On the other hand, today or Monday, we’ll probably pick up more shares of the genuinely inexpensive Armour Residential REIT (ARR), a Florida-located, Maryland registered REIT that invests primarily in hybrid adjustable rate, adjustable rate and fixed rate residential mortgage backed securities issued or guaranteed by a United States Government-sponsored entity (GSE) like Fannie, Freddie, and so forth. In dollar terms, the stock is cheap ($6.52 a share at yesterday’s close), and its yield is a whopping 14.72%. Extra-added bonus: Unlike most REITs, ARR’s dividend is paid out monthly at the current rate of 8 cents per share. You do the math. You’re not getting this return on your money market fund.
ARR got cheap earlier this month after it sprang one of the usual unpleasant surprises REIT owners often have to deal with: a seemingly out-of-the-blue snap secondary issue of stock at a discounted price. Such offers, often not available to the general public, obviously dilute the value of each share, and each share’s current value plummets as a result, generally the day before—and often days after—the new shares are issued. That said, the other side of the equation is the fact that the money raised by the snap secondaries is almost immediately deployed into more high-yielding investments, quickly putting to an end the dilutive effect as the actual size of the REIT’s portfolio grows.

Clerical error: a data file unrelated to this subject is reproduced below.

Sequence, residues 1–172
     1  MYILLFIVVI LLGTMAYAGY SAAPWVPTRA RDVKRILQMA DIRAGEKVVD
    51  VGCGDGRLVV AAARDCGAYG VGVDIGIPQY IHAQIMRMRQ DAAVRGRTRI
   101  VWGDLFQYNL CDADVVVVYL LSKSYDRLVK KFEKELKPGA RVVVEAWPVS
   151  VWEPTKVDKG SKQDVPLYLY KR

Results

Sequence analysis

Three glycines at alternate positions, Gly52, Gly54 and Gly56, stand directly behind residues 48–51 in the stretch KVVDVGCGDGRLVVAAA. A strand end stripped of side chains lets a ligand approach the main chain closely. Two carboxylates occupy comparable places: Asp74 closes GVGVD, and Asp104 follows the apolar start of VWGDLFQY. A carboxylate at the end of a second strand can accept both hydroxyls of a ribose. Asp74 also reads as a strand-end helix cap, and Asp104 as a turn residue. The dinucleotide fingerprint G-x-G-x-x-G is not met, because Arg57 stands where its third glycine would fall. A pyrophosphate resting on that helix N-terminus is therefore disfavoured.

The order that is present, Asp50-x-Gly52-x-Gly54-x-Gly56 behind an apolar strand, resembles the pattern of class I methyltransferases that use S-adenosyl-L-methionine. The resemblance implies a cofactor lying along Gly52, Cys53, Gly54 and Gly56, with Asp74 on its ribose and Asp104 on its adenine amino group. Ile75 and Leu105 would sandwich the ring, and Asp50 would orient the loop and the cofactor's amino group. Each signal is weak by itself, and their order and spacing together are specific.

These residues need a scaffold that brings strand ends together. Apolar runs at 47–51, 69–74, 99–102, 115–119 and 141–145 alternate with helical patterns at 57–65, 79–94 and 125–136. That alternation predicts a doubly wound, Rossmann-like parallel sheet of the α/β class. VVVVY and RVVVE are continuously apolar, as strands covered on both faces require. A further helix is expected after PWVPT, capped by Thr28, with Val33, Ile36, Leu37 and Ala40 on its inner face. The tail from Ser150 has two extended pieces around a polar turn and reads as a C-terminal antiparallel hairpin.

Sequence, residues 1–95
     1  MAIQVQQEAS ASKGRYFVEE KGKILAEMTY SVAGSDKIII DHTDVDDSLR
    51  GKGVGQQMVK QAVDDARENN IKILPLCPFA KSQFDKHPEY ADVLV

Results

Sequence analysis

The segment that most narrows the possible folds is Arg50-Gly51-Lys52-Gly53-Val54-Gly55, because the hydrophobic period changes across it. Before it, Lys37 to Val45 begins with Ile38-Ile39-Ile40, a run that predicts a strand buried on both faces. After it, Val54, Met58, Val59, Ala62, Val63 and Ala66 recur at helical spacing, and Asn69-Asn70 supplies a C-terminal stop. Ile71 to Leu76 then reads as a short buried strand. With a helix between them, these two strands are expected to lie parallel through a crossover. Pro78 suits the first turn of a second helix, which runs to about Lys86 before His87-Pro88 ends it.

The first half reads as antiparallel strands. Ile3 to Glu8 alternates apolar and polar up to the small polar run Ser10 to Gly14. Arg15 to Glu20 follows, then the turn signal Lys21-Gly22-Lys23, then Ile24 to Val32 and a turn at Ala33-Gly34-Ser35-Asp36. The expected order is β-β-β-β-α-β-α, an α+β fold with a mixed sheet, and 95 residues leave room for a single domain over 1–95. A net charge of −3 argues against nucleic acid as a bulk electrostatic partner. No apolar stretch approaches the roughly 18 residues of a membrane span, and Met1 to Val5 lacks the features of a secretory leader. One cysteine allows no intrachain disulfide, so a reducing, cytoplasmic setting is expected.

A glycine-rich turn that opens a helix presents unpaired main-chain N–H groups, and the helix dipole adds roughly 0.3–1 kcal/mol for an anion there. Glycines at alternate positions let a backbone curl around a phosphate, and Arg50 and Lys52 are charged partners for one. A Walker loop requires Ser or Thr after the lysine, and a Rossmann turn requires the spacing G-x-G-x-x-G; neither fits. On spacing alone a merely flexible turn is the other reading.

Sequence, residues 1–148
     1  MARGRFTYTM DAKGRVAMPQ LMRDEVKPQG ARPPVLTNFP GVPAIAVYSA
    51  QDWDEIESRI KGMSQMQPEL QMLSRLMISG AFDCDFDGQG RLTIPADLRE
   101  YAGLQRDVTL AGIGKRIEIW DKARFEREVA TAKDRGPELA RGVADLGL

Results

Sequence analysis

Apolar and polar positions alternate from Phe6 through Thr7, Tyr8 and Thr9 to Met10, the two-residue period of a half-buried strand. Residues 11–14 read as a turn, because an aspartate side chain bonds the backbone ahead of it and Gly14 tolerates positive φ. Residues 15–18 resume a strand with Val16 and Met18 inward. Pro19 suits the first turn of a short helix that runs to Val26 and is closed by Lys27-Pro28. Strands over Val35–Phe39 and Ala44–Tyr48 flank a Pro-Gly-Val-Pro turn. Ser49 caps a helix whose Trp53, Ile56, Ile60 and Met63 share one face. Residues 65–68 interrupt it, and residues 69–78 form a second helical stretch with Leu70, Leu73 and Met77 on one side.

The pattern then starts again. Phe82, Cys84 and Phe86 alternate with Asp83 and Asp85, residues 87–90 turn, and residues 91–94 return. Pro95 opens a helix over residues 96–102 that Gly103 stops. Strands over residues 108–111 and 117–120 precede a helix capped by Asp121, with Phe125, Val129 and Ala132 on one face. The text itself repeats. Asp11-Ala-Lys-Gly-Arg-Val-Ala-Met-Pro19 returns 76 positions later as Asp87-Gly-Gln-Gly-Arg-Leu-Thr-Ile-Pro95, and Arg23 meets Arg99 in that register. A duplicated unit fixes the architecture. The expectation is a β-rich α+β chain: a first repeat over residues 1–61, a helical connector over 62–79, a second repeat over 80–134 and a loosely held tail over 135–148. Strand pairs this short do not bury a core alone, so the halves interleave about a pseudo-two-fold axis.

REITs are a bit hard to value. PE ratios, currently quite low, aren’t much help. And often, the average REIT, particularly a new one, has negative earnings. Again, though, unlike normal stocks, REITs are usually evaluated by investors in terms of the net asset value of their holdings, not their PEs. Thus, net asset value and likely positive cash flow is what REIT investors look for and prize.
REITs are likely to continue to be good investments this year at least, with dividends either increasing from already incredibly high rates, or at least remaining level. At some point, when mortgage rates start going back up in a noticeable way, REITs will need to be re-evaluated, as their effective yields will start to decrease (due to the higher cost of money) as net asset values could also erode due to various factors. But right now, at least, the best of them are incredibly good values.